Thought I Was Wrong But I Was Mistaken
No one is infallible and mistakes happen. Some are out of laziness or lack of knowledge. Some people are burning the candle at both ends and unable to think clearly. Some are just plain accidents. The jerk that just cut you off on the freeway may have a blind spot.
I made a few mistakes this week that were not devastating but nonetheless irritated me so much I’ve made it the theme of this column. The worst thing those of us who make mistakes can do is fail to admit them, and like then-presidential candidate John Kerry, you can have an I-voted-for-it-before-I-voted-against-it moment.
Hopefully for most of us, it’s not that public, though last week one of mine was at least within the credit union industry. I made the horrid mistake of accusing NCUA’s Buddy Gill of being (perish the thought) a Republican. A thousand pardons to my learned colleague in Virginia. It was a bonehead move to work from my failing memory that was made in haste under a looming deadline.
This mistake was avoidable as many are. But some mistakes are bigger than others. Let’s avoid these.
According to the Department of Labor’s Bureau of Labor Statistics, the unemployment rate fell to 9.3% in June from 9.6% a year ago. Though trending downward, the figure is roughly twice what the U.S. is comfortable with. And the sand states are still feeling the pinch. In El Centro, Calif., unemployment was 28.5% for June, while Yuma, Ariz., recorded 26.9%. All of the remaining 10 areas with jobless rates of at least 15.0% were located in California.
Of course, this situation makes lending incredibly difficult, but look inward for a moment. Take note of your employees. Morale can be incredibly low when financial institutions are crumbling all around and friends and family are laid off from their jobs.
Don’t make the mistake of abusing your employees because they should be grateful they have a job. They already are. Instead of beating them up, boost them up. If a financial bonus is out of the question, offer a little paid time off, allow them to work from home some, give them some sort of recognition or even training.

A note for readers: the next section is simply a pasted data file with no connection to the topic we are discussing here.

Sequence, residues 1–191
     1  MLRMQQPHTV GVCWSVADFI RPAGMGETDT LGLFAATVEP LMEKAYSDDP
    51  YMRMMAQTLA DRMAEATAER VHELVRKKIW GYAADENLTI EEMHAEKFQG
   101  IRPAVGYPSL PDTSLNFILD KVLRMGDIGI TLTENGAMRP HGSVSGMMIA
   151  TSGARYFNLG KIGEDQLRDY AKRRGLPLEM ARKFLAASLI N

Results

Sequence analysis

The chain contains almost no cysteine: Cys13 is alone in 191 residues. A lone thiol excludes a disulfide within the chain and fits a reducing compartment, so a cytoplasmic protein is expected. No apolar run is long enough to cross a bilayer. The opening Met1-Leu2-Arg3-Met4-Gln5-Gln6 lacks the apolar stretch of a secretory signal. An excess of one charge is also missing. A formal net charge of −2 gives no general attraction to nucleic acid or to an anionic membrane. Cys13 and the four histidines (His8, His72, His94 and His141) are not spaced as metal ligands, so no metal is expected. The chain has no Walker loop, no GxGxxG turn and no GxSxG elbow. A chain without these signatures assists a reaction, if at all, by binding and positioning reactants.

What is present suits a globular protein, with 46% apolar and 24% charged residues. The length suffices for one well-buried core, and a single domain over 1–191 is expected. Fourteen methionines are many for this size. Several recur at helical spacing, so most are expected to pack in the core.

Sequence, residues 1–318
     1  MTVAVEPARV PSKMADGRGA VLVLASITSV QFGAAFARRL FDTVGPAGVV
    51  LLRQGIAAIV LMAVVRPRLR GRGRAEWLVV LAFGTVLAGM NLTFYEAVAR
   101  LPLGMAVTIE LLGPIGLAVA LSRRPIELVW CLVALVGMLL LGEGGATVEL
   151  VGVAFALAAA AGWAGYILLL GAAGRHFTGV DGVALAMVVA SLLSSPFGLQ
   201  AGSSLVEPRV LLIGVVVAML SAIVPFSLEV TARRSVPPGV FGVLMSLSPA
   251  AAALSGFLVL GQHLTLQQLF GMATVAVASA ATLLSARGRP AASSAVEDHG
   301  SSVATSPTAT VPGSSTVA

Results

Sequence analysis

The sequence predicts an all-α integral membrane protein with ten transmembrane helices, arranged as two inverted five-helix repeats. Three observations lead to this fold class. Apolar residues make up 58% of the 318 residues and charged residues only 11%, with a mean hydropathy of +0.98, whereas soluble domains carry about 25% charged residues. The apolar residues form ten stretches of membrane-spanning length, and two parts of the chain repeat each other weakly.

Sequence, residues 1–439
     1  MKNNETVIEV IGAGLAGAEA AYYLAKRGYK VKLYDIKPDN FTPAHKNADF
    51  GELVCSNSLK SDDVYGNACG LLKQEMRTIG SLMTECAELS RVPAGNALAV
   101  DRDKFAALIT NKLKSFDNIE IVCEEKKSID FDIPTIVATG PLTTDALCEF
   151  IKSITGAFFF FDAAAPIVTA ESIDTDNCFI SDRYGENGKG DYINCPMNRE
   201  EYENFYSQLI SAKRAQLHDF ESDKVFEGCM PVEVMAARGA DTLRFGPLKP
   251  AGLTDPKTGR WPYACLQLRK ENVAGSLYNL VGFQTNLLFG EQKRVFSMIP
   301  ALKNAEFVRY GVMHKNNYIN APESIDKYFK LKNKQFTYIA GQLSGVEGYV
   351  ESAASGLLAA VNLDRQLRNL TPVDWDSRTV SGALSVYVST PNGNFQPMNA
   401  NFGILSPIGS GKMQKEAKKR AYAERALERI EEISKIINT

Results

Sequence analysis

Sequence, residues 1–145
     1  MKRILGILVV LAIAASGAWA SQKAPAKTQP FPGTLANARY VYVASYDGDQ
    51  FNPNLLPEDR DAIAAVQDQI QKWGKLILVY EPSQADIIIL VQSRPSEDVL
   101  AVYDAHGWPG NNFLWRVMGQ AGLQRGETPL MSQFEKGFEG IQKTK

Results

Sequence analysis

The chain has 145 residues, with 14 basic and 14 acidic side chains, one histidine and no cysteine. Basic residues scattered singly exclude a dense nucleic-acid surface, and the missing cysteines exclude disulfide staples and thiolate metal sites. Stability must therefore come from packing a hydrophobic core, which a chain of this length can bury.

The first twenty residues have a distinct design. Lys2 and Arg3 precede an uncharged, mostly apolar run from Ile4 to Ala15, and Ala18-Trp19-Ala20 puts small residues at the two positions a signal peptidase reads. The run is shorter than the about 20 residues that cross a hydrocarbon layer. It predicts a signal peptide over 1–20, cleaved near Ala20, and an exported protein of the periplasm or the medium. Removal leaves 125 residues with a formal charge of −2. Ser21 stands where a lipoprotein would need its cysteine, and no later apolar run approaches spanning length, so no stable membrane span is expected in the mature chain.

Someone asked at a conference I attended recently, “What happened to employee loyalty?” The speaker’s response was what was expected. Essentially, he said that many employers are no longer loyal to their employees.
If you want to hold onto your best and brightest who will make your credit union successful in the long run, this is not the tack to take. Holding the high unemployment rates over their heads provides added stress that impedes job performance and has them looking for other opportunities the moment the door opens.
Incentive pay is another way of rewarding employees relative to their work output, but a fine line must be carefully toed to ensure the employees’ incentives are aligned with corporate strategy. Providing incentives that bring personal and business goals into conflict are a mistake no one can afford to make.
This is particularly important for your Gen Y staffers who are likely to be your lower-ranking, lower-paid employees that often have the most contact with your members. Keeping employees as happy as you can is essential to keeping members happy and business humming. Besides replacing them is more expensive than keeping them, so neglecting these folks would be a mistake.
A credit union’s Gen Y employees are also a great way to understand what young adults want from a financial institution. This group is in their formative years financially where they’re just getting their career going and ready to borrow for their cars and start saving for retirement.
Know what they want through your Gen Y employees and invest in making that happen and letting them know about it.
Yes, you’ll need to market to your members and potential members, including Gen Y. This will cost money, but no one will know credit unions exist (i.e. use your services) simply by willing it.
And don’t ignore women as a segment in your marketing. Ford gets it. Ford actually redesigned its door handles so as not to chip women’s longer fingernails, according to Womenomics, a business book about women’s power in the workplace.
Women represent a good target for your marketing but also for your hiring. Not honing in on this segment would be a huge mistake since 57% of bachelor’s degrees in the U.S. are earned by women, plus 58% of all graduate degrees, according to Womenomics, which cited stats from the Department of Education.
That means they’re going to make up a greater part of the workforce as boomers retire, and they’ll have even more control over finances. This book emphasizes women’s power in the workplace and how it will shape the organizations of the future, including more flexible work schedules and locations. Women are redefining how they see “having it all.”
Mistakes are human so learn from them and move on. Best of all try to avoid them when you can.